08:35:21 pm on
Sunday 23 Jun 2024

Wisconsin Peaches
Jennifer Flaten

As a parent, it is my job to suck all the fun out of everything and, in certain circumstances, I excel at it. Yes; I insist they eat their vegetables, brush their teeth and stop juggling knives.

Thus, I am not happy, not happy at all to have my kids horning in on my territory. That’s right, thanks to Health class in school; they are now Jr. Food Police.

I don’t who out there is feeding their kids Twinkies and ice cream at every meal, but you are really wrecking it for the rest of us. Now, I know you are thinking that I adore cupcakes, which is true, but I don’t give the kids cupcakes for breakfast. Okay, except for that one time, but it was their birthday and we made up for it with lots of green leafy things later.

If it isn’t a message from school about what makes a health snack; oh really, a bottle of chocolate syrup isn’t a health snack? Let me make a note. It is another round of “eat this, don’t eat that.”

Geez, when did parents get so stupid? I mean our job is to make our kids eat spinach etc., not give them the keys to the literal candy store.

To compensate for apparently, woefully inadequate parents, the kid’s health class are spending, in my opinion, an inordinate amount of time on nutrition.

Not that I am in any rush for the “talk,” I am blushing just typing that, with the kids or hearing the highlight reel from the class on personal hygiene, but at this point if I hear one more thing about unsaturated fat I am going to scream.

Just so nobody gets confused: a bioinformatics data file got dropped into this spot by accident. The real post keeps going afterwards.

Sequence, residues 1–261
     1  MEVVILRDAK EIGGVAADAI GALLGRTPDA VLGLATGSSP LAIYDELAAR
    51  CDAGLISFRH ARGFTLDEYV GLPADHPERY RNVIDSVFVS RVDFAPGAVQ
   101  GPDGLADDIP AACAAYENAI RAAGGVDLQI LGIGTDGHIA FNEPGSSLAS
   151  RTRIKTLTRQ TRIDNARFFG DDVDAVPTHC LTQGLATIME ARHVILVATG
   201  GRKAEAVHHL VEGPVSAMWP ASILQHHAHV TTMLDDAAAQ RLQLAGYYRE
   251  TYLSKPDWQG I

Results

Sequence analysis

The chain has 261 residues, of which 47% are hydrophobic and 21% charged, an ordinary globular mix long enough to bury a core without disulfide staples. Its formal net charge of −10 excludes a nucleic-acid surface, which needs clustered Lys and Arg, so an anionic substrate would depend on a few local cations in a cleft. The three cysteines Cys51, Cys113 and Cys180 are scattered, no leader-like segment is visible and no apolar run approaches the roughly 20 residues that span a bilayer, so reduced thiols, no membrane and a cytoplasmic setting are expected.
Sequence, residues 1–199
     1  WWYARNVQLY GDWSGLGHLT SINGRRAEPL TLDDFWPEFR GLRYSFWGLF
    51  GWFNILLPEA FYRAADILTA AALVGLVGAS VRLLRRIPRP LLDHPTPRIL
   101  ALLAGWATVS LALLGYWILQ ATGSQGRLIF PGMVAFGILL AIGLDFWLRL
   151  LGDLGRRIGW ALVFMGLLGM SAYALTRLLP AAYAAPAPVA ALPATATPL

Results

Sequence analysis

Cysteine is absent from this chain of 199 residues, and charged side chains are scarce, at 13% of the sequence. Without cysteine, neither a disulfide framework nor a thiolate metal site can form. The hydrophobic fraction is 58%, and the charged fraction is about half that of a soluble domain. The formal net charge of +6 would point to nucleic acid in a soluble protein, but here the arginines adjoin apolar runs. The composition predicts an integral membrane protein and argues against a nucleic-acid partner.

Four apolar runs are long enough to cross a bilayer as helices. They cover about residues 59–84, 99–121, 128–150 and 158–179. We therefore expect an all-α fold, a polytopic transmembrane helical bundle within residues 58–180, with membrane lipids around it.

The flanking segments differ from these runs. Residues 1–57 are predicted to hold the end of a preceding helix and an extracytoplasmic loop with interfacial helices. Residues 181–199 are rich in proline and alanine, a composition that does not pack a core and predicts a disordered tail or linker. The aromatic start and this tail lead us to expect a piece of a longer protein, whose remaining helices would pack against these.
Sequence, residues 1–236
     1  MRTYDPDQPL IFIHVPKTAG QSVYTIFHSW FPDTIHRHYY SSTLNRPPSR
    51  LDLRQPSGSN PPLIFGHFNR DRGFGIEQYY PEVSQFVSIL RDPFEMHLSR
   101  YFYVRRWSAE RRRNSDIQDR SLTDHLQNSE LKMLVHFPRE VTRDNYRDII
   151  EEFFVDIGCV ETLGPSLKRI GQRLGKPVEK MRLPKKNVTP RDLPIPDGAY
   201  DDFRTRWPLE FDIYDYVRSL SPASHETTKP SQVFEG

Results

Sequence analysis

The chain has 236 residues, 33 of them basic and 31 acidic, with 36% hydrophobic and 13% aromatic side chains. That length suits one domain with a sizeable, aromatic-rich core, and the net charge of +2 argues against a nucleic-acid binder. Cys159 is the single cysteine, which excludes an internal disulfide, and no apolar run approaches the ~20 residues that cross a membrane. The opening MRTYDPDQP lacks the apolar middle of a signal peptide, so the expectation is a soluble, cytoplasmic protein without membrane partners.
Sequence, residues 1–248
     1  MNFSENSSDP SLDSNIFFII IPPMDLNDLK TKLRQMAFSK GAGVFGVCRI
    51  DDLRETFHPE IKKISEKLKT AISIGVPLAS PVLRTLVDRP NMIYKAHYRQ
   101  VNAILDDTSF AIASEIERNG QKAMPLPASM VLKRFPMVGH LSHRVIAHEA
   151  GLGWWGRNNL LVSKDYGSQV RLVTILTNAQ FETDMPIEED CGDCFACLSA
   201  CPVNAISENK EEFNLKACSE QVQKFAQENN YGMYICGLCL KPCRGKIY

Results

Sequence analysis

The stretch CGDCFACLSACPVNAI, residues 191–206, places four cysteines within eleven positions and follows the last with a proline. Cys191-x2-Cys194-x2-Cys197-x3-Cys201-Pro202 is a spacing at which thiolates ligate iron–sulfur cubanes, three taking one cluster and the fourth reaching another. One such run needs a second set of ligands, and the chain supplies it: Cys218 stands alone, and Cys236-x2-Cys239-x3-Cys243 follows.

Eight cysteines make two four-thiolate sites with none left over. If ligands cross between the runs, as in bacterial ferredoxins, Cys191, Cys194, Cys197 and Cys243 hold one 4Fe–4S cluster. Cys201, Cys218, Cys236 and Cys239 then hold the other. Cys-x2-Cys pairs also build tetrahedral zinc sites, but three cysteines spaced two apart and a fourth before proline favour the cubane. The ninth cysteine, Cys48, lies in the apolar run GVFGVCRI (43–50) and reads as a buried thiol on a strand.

No, I was not aware that canned peaches contain sodium, but now thanks to my kids I do. 

Frankly, I don’t care, since I have no intention of eating canned peaches for breakfast, lunch and dinner for the rest of my life, I am not worried about a bit of sodium in my peaches.

Here is what bothers me: I don’t understand what the school wants me to do with this information. Should I refrain from feeding the kids canned peaches or, perhaps, I should only give them free-range, 100% organic peaches picked by virgins under a full moon.

Since I know for a fact that I can’t get good and, by good I mean not rock hard and flavorless peach in Wisconsin in winter, I guess I should be canning up a batch right now.

Here is some useless information about me; I actually know how to can fruit and veggies. For me, it is always a cost issue. I could buy a few cans of peach for a couple of bucks here and there when the mood for peaches strike or I could invest in a whole case of peaches and spend the entire day canning peaches.

No, I would much rather send the day baking cookies. Yes, you read that right; I bake evil sugary, chocolaty cookies. Which, I will then enjoy with a big glass of milk, even if it means hiding in the closet from the children to do it. 

Jennifer Flaten lives where the local delicacy is fried cheese, Wisconsin. She writes about family life, its amusing or not so amusing moments. "At least it's not another article on global warming," she says. Jennifer bakes a mean banana bread and admits an unusual attraction to balloon animals and cup cakes. Busy preparing for the zombie apocalypse, she stills finds time to write "As I See It," her witty, too often true column. "My urge to write," says Jennifer, "is driven by my love of cupcakes, with sprinkles on top. Who wouldn't write for cupcakes, with sprinkles," she wonders.

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